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All Season Tyres

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jomifl | 13:01 Thu 12th Nov 2015 | Motoring
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Have just been to my local tyre emporium for a new set of boots and was offered Michelin's new(ish) all season tyres for only €7 extra per tyre. I declined the generous offer since we rarely get snow here and when we do it isn't exactly challenging. Got home and looked for reviews on the web to see if these tyres would have been worth buying. What reviews I found only compared them with other tyres in winter conditions ie.snow. Since I do 90% of my driving on warm/hot continental roads I thought it more important that my tyres perform well under these conditions. The all season tyres on display had blockier treads so I was wondering how they performed when the road was hot enough to fry an egg. They surely must be noiser, less efficient and squirmier than normal (summer) tyres?
Does anyone have any experience of all season tyres?


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they will be constructed of a harder compound so will take longer to warm up. If they are sold as 'all season' they will perform better than dedicated mud and snow tyres though.
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All season tyres are supposedly a softer grade than 'summer' tyres' to give better grip in the cold, just wondering if the steering and braking would be compromised by the soft compound when it is 40C in the shade and the road surface is too hot to touch.
all of this depends on your car and how you drive, can you suplly those details.
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TTT, I don't think my car or driving style affects my tyres too much. The opposite would surely be the case. All season tyres apparently do not perform as well under braking as summer tyres (in the summer).
I am assuming you mean the 'CrossClimate' tyre?

Couple of reviews here, but no final conclusions yet.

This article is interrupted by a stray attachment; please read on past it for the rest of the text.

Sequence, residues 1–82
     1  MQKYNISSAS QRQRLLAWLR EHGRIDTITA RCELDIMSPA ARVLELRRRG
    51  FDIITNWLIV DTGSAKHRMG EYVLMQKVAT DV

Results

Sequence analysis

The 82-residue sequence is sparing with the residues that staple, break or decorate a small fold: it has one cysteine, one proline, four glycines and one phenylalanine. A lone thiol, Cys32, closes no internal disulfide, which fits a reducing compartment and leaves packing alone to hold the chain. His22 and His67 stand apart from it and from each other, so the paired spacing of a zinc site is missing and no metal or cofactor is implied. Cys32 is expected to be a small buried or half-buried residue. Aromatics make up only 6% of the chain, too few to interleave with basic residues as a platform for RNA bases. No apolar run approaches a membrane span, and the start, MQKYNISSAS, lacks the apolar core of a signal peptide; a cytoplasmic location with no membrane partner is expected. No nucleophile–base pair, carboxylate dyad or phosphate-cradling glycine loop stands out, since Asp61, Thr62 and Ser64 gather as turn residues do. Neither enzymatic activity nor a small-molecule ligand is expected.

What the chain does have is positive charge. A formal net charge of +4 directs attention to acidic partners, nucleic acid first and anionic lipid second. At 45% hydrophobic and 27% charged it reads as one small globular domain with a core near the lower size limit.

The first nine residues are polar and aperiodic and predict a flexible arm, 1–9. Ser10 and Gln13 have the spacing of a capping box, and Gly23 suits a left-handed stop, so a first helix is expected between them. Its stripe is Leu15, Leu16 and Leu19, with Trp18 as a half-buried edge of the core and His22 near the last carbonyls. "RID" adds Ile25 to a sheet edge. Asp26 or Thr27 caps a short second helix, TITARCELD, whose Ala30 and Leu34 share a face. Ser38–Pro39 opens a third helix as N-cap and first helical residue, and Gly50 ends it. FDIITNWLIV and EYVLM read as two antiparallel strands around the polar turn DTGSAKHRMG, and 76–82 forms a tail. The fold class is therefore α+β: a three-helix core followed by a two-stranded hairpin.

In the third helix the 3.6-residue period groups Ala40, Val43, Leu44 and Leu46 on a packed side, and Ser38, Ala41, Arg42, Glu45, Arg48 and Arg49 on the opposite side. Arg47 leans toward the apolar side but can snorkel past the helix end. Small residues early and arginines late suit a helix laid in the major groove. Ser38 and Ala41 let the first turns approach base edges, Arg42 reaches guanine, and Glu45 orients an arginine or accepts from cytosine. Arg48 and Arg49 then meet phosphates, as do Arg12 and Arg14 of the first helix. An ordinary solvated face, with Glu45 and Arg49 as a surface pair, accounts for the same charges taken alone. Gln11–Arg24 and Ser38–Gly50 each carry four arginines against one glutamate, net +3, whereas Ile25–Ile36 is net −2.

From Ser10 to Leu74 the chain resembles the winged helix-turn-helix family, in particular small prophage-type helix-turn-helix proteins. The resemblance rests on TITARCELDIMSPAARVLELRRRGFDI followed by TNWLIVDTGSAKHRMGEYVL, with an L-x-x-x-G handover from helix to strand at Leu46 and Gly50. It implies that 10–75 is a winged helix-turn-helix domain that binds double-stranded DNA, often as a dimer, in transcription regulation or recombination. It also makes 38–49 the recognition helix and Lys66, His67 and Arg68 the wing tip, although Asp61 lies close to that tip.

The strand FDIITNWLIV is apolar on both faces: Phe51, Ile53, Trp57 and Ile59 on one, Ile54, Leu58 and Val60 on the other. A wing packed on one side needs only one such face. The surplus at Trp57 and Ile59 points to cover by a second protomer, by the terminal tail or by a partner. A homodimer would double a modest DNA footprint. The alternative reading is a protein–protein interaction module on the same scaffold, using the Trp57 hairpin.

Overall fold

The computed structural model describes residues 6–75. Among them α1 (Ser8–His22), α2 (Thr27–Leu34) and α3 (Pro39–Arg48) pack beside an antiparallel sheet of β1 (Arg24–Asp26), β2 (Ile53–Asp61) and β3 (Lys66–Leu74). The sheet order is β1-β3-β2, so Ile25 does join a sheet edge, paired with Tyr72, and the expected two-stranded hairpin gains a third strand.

I think from what I've read, the tyre is the next evolution up from 'all season tyres' but they have only been on the market since Spring 2015 and therefore long term 'real life' benefits have yet to be confirmed.

I think 'all season tyres' are a bit of a compromise, neither better than 'summer' tyres in winter or better than 'winter' tyres in summer, with only a narrow margin that they prove superior.

CrossClimate tyres are not all season tyres but whether they prove a better all rounder remains to be seen.

If your driving 90% of your time on roads above an ambient temperature of 7C then your current purchase would be the best choice as long as you are aware the other 10% driving must be a bit more circumspect. ☺☺☺
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Thank SA, the second link was new to me. So the jury isn't back yet, I'm wondering whether if they are soft enough to give improve grip in cold conditions will they hold together on a midsummer blast across central spain, for example.
There are one or two maddening things about living in Germany and Winter-Reifen (winter tyres) is for me the worst. It isn't exactly against the law not to have them on in winter, but if you were an unfortunate in any kind of shunt at all, the odds are you will bear the blame, so everyone has to, twice a year, change their wheels. I have only one car now but when I had two it meant having permanently 8 extra wheel in my garage (though for a fee there exist 'Wheel Hotels' where they can be lodged).
If you ever intend driving here in Winter, be warned.
I've been reading about CrossClimates for a while now and they are reported to be excellent in all conditions as well as being quiet and refined. It seems they are legal in areas where winter tyres are mandatory. I'm a Michelin man (no, I'm not fat) and would definitely go for these if I were in the market for new rubber.
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My local vehicle tester thought that they might make steering a bit too imprecise for 'sporty' driving but he admitted that he didn't have any experience of them.

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